Lives of Moral Leadership (Abridged) 2000
by Robert Coles -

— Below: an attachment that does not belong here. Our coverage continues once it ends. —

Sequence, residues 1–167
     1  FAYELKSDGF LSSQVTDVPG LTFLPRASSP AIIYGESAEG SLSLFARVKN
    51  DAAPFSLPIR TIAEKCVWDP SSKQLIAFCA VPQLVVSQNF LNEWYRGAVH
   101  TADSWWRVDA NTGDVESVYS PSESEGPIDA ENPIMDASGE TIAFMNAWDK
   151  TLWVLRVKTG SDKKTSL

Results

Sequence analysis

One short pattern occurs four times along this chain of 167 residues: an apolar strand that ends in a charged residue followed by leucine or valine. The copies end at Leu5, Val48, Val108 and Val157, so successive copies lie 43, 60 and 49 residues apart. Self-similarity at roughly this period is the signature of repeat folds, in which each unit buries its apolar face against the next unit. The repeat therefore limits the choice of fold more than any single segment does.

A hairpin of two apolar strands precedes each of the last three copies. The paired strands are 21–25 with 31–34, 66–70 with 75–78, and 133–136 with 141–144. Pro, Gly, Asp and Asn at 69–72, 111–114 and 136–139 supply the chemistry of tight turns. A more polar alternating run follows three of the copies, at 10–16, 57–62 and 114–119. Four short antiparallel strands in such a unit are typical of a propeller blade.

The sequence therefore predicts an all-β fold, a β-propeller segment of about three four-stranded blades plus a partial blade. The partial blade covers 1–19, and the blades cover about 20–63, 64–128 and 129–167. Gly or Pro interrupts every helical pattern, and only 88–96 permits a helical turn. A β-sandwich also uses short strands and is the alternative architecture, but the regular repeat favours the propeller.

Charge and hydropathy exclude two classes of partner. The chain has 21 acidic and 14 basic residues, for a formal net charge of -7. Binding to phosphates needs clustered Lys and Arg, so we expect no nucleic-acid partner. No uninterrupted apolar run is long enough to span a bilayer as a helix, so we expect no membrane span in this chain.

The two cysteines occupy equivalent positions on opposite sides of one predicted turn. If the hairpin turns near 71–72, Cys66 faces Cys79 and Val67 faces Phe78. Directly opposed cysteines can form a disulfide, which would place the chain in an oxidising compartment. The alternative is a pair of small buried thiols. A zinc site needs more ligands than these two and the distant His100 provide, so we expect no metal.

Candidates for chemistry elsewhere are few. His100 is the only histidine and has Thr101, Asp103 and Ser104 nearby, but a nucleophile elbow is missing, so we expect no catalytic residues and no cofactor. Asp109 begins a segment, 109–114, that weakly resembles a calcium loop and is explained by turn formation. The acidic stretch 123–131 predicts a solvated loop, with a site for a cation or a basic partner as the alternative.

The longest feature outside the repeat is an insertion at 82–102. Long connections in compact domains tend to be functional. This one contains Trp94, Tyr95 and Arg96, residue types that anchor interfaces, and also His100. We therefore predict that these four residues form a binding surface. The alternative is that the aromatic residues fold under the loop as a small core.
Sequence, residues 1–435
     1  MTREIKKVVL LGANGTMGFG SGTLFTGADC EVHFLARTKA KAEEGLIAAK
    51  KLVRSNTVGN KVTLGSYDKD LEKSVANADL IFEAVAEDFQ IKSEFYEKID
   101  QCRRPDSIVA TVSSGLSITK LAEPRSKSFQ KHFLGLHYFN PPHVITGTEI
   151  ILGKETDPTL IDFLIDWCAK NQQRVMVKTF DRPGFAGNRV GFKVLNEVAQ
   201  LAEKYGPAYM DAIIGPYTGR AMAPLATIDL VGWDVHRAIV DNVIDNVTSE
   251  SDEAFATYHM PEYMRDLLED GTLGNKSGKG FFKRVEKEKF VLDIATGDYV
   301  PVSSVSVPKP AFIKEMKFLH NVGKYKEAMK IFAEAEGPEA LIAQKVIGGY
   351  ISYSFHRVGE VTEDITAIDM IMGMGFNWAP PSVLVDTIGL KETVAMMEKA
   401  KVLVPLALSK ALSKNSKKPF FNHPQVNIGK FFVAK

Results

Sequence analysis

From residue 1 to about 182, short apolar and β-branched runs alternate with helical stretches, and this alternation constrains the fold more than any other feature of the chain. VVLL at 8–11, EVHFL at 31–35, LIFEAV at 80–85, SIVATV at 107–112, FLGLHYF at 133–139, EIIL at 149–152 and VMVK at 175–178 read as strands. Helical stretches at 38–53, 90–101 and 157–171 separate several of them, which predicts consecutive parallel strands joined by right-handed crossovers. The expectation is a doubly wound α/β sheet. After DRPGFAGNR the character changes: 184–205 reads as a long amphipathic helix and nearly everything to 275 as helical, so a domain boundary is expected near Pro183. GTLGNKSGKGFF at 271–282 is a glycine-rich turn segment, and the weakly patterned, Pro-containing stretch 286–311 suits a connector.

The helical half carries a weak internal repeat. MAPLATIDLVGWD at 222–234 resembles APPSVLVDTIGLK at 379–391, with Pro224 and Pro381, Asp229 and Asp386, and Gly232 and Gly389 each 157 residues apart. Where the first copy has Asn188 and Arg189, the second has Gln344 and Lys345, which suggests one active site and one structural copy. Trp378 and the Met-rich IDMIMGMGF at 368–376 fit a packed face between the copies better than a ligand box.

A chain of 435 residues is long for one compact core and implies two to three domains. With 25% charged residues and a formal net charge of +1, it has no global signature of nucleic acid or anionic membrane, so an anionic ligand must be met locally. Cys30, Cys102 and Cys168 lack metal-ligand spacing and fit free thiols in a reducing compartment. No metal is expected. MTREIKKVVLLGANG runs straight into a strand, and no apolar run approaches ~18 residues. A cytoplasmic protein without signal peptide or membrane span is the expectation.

In a collection that ranges from vague to incisive, Coles (Children of Crisis; The Moral Intelligence of Children; etc.) presents true stories and reflections about moral leaders and what distinguishes them as such. Drawing heavily on recorded interviews, the Pulitzer Prize-winning psychiatrist and Harvard ethics professor profiles moral leaders he has known. Uniting all of his subjects is "moral courage" their ability to know who they are and what they believe in, and to take action they believe is right and necessary to instruct and influence others (Coles quotes Erik Erikson, who said, "There's leadership in action"). Some are famous for their moral heroism Robert Kennedy, Dorothy Day and Dietrich Bonhoeffer. Others are not well known, such as Albert Jones, a janitor who volunteered to drive a bus taking African-American children to previously all-white Boston schools. Coles also examines the moral content of writers, including William Shakespeare and Joseph Conrad, and illustrates how his teacher, Perry Miller, helped him "make connections" between books and life. Finally, he examines how indiscretions or bad decisions by people deemed moral leaders, like President Clinton, affect their ability to lead or for others to continue to view them as leaders.